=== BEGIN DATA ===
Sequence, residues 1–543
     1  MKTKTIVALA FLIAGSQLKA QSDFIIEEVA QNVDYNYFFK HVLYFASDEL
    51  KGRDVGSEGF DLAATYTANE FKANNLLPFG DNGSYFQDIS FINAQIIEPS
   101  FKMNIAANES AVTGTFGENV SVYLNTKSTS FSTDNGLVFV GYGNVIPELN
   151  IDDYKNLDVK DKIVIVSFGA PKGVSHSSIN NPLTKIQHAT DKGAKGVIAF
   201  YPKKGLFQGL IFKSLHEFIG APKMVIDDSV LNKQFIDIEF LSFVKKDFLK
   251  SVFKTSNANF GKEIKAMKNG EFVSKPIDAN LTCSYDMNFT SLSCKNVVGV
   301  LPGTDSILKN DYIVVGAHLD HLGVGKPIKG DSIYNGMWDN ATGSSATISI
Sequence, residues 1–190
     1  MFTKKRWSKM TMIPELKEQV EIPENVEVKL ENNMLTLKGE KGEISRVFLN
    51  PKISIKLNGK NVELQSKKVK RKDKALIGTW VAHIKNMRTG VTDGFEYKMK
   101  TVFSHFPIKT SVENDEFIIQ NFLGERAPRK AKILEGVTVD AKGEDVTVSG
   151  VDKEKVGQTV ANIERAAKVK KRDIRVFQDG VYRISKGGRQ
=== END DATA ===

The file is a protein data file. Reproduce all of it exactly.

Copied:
Sequence, residues 1–543
     1  MKTKTIVALA FLIAGSQLKA QSDFIIEEVA QNVDYNYFFK HVLYFASDEL
    51  KGRDVGSEGF DLAATYTANE FKANNLLPFG DNGSYFQDIS FINAQIIEPS
   101  FKMNIAANES AVTGTFGENV SVYLNTKSTS FSTDNGLVFV GYGNVIPELN
   151  IDDYKNLDVK DKIVIVSFGA PKGVSHSSIN NPLTKIQHAT DKGAKGVIAF
   201  YPKKGLFQGL IFKSLHEFIG APKMVIDDSV LNKQFIDIEF LSFVKKDFLK
   251  SVFKTSNANF GKEIKAMKNG EFVSKPIDAN LTCSYDMNFT SLSCKNVVGV
   301  LPGTDSILKN DYIVVGAHLD HLGVGKPIKG DSIYNGMWDN ATGSSATISI
Sequence, residues 1–190
     1  MFTKKRWSKM TMIPELKEQV EIPENVEVKL ENNMLTLKGE KGEISRVFLN
    51  PKISIKLNGK NVELQSKKVK RKDKALIGTW VAHIKNMRTG VTDGFEYKMK
   101  TVFSHFPIKT SVENDEFIIQ NFLGERAPRK AKILEGVTVD AKGEDVTVSG
   151  VDKEKVGQTV ANIERAAKVK KRDIRVFQDG VYRISKGGRQ